Swansea City won the Capital One Cup by the largest ever margin on Sunday, battering League Two Bradford City 5-0 in a thoroughly one-sided contest.
Before this momentous day that will live long in the history of the Swans' fanbase, however, the Bantams were tearing up trees in this competition. They beat Premier League sides Wigan Athletic, Arsenal on penalties and then Aston Villa over two legs to secure a date at Wembley.
But it all went horribly wrong for Phil Parkinson's side in London.
"A bridge too far" some say, the "occasion got to them" offer others. While that may be the case, the simple reason for Bradford's demise was that Michael Laudrup didn't let them play to their strengths.
The Bantams are not a technically-gifted side, and Parkinson has built a team that thrives on direct football and specialises in set pieces. That's fine, because they're in the fourth tier of English football and played to their strengths because teams were foolish enough to let them.
Their opening goal against Arsenal was a second ball from a free kick—it was only half-cleared and Gary Thompson stuck it into the roof of the net from the far post.
With something to hold onto on home turf, they were always going to be difficult to budge. Arsenal peppered their goal, and after 28 shots and 67 percent possession, drew level in the 88th minute thanks to Thomas Vermaelen.
Extra-time was heart-in-the-mouth stuff for the home support, with the lottery of penalties sending the underdogs through.
Moving into the semifinal against Aston Villa, Phil Parkinson will have been well aware of the opposition's struggles from corners.
To say Villa have conceded a lot of goals from set pieces doesn't tell the whole story. On average they concede around the same as everybody else, it's the fact that the defence is giving away 15-20 corners every game.
Jason Hanson and co. will have been licking their lips at this prospect, and at Valley Parade a beleaguered and battered Villa side came under the aerial cosh.
Again, it was lower-league-style goals that undid a Premier League defence. After Villa controlled the game for 20 minutes, a second ball from a free kick fortuitously found its way to Nakhi Wells who stroked it in expertly.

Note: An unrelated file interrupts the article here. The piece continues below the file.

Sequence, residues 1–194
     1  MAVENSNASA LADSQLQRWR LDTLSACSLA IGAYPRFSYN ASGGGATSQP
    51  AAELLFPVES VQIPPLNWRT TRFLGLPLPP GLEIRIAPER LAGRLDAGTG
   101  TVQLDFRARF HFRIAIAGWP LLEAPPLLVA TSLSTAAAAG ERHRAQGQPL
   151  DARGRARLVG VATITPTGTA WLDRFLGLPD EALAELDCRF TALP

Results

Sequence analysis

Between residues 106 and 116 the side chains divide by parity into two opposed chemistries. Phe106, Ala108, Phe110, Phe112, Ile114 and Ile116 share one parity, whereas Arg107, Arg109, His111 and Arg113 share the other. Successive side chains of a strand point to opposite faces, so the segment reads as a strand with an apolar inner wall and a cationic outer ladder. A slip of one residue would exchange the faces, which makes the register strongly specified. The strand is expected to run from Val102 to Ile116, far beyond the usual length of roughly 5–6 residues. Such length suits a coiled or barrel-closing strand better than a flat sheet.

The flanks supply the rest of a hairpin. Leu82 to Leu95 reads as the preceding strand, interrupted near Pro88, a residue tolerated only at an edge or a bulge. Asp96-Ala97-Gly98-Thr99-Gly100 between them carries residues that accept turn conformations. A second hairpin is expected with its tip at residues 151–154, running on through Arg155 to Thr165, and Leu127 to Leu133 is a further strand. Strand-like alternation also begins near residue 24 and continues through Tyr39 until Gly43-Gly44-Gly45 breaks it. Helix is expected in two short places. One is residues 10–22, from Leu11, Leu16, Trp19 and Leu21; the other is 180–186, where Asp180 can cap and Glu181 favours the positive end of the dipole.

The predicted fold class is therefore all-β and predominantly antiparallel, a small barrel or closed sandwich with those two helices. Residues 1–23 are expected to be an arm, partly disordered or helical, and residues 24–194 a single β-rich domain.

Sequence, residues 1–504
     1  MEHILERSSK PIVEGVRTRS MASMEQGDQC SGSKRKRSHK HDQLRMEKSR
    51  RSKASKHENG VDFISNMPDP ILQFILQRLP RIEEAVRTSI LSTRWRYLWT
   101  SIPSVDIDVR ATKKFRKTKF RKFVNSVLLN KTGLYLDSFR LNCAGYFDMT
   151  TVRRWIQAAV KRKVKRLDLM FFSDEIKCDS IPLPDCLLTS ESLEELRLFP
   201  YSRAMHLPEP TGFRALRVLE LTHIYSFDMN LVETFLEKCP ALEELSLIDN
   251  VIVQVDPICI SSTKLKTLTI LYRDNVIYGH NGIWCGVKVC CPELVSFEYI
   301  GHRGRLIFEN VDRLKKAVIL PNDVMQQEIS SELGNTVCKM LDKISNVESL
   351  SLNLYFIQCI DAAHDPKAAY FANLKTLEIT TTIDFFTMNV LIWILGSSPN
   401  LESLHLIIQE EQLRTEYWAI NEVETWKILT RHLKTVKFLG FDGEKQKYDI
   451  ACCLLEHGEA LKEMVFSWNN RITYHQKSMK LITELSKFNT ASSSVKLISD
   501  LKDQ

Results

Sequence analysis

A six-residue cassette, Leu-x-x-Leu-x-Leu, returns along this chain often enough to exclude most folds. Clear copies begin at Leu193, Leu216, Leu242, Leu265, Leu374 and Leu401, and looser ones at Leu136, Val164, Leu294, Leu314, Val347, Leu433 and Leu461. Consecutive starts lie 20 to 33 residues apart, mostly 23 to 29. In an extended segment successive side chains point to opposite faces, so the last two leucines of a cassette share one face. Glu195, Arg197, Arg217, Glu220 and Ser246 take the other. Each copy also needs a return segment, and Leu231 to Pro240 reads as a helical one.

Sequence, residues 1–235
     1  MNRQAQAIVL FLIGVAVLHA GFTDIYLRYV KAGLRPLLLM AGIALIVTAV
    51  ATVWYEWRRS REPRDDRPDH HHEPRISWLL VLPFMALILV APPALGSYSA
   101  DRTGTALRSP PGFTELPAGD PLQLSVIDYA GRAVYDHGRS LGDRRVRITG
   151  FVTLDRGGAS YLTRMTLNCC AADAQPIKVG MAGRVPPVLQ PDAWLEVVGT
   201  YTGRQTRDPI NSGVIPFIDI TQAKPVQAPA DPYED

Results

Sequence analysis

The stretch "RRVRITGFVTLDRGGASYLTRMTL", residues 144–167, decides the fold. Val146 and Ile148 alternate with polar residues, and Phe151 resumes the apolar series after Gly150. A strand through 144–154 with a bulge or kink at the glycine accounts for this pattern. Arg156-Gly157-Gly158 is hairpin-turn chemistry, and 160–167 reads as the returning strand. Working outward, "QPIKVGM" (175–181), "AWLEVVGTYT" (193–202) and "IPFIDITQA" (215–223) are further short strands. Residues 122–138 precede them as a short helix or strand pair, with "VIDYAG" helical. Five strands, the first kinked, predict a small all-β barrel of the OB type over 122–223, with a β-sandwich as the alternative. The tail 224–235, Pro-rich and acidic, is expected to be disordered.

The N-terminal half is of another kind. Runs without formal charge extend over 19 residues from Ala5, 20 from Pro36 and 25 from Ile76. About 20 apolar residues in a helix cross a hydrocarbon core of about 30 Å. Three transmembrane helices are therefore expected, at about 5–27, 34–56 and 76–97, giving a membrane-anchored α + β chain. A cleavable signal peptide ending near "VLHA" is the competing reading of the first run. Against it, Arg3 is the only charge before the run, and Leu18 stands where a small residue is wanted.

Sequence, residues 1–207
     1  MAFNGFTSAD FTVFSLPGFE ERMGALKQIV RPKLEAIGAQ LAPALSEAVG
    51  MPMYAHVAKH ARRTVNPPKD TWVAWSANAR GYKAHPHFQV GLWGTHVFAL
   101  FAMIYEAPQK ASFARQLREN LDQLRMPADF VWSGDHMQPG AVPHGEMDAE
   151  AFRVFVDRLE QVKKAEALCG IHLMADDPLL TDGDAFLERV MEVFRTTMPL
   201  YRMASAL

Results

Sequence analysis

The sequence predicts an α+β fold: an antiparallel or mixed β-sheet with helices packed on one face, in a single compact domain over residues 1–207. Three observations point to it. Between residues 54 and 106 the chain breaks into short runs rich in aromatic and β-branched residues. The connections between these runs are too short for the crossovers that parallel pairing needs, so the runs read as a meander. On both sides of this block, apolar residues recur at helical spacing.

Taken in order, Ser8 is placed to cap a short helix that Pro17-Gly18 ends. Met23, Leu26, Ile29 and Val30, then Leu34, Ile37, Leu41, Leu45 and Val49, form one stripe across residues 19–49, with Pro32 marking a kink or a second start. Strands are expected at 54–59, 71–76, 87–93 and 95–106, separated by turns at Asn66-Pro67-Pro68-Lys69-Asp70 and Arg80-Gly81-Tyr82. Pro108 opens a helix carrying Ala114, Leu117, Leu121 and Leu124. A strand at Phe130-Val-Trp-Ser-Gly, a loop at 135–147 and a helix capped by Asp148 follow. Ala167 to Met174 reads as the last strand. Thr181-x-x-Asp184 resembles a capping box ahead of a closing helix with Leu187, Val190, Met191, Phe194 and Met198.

The fragile confidence the Midlands side had shattered, and from there two headed goals from set pieces piled on the misery.
In the second leg, another set piece did the damage, so Parkinson will have repeated the same tactics to his players for the final, and why would he change? When it became apparent diminutive midfielder Ki Sung-Yueng was set to play in defence, Parkinson must have allowed himself a secret smile.
Unfortunately for Bradford they never got going, and credit to Michael Laudrup for nullifying his opposition.
In his pre-match interview on Sky Sports 1, Laudrup said he'd watched "a few of their games," but it seems he watched a little more than that and rightly so.
Deploying Ki at the back helped his side retain the ball with ease and settle into a passing groove that Bradford couldn't break up, and the Swans were also well drilled when it came to minimising the amount of set pieces given away.
No one flew into any tackles, and Bradford earned just one corner. In the 86th minute.
Bradford stacked two banks of four deep in their own half and became the Yorkshire wall Arsenal and Aston Villa failed to climb, so it was ironic that the first and telling goal came from a three-pass counterattack that Nathan Dyer finished off.
After the ice was broken, the Bantams had no choice but to come out a little more. Four goals later, and not a single sniff for Bradford as their forwards were still playing so deep (in line with Leon Britton), this game was a formality.
Laudrup bagged Swansea a major trophy and avoided a major upset by one making one subtle change (Ki) and instilling care and discipline to his side.
No fouls give away, no free kicks conceded, no corners awarded, no goals for Bradford.
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